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Is there a specific regulation for the maximum tolerance allowed while manufacturing brake pads? If not, what is a usual value set by manufacturers? I would really appreciate references. Thanks a bunch!

  • Welcome to Motor Vehicle Maintenance & Repair! You state "maximum tolerance" ... not not sure what tolerance you're talking about? Can you please edit the question with more information as far as what you're actually trying to know? – Pᴀᴜʟsᴛᴇʀ2 Jan 2 '19 at 16:54
  • It will be completely different not only across manufacturers but even across different models under the same company(even the same model can have different brake options that come with their own specific tolerances!) – DatsunZ1 Jan 4 '19 at 15:04
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There may be different specs for various makes and models, but here is what I look for:

  1. If wear is even, and pad is squarely wearing, when it gets just under 1/8" or 3mm, I get replacement pads and put them on. I may not actually get them on until 2mm, but 3mm is the trigger point to go get the parts.

  2. If wear is not even, the most worn side must have 3mm. Getting to the pads, and resolving sticking pins, or whatever is causing the uneven wear is a high priority because I don't want the backing metal to contact the rotor.

My guess is that the manufacturer specs are smaller than my guidance, because I am conservative. Some brakes with expensive pads, like aircraft brakes, do have smaller tolerances, but in general they are only lightly used, and they are readily inspected prior to each flight.

On the daily driver or family car, I try to inspect brakes every month or two in the nice weather, and try to do each month in the winter. The reason for more frequent checks in the winter is that some municipalities use sand and coal cinders as abrasives for winter driving. These materials can get stuck more easily in the brake mechanisms, and cause sticking of the pads or pins. Also road salt and aggravate corrosion of the pads especially near the end of winter when temperatures are higher (faster corrosion) and there is frequently more slush pushing aggregates into the brake mechanisms. Inspection can often be done with a mirror, so you may not need to have to jack up the car and pull the wheels off.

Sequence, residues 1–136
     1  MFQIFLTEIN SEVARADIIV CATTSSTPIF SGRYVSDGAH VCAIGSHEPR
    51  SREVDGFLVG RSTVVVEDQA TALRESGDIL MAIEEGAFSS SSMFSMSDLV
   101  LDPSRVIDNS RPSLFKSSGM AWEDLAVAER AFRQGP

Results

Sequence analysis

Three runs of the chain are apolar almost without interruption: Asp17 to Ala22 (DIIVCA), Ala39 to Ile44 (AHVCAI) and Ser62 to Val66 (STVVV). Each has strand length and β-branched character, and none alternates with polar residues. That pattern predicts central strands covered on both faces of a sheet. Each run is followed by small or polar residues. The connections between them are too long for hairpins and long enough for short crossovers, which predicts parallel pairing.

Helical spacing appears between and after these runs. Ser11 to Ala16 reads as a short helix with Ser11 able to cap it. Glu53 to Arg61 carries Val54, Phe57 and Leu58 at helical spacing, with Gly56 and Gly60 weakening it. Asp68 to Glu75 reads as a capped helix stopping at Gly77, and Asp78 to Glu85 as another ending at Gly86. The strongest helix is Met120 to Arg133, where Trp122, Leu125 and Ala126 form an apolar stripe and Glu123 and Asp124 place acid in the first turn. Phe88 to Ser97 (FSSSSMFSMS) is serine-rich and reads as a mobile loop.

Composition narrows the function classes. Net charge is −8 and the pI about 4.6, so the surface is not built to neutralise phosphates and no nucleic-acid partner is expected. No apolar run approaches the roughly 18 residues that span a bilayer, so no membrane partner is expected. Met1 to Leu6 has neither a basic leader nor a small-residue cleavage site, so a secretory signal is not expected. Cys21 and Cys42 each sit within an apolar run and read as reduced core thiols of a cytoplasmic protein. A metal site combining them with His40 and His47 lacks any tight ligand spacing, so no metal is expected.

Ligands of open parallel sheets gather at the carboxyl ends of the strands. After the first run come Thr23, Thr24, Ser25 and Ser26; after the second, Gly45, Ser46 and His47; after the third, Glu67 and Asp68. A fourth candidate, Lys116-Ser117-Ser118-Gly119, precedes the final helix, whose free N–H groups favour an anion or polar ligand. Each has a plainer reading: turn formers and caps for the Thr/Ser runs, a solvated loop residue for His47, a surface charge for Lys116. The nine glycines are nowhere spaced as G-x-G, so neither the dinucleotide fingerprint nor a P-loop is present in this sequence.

• I don’t believe aircraft brakes are "lightly" used... stopping something of 500 tonnes plus needs significant friction... – Solar Mike Jan 4 '19 at 21:20
  • Most aircraft are lighter than 500 tonnes, and in particular general aviation aircraft, which are approximately the same weight and load capacity as a car have small pads. In my experience they last a long time. The brakes are often used for directional assistance wile taxiing, and for brief application when landing. – mongo Jan 4 '19 at 23:15
  • So your experience has not taken you close to the brakes and landing gear of an A380... – Solar Mike Jan 4 '19 at 23:18
  • Specifically, the OP did not ask about aircraft such as an A380, which BTW lacks conventional pads and employs a stack of discs, as is customary in large aircraft. Furthermore, the A380 also employs spoilers, which play a role nearly as important as the brakes, in slowing the aircraft. Thruster reversers on the two inboard engines, play a surprisingly minor role. Brakes are on 16 of the 20 main gear wheels. – mongo Jan 8 '19 at 2:57

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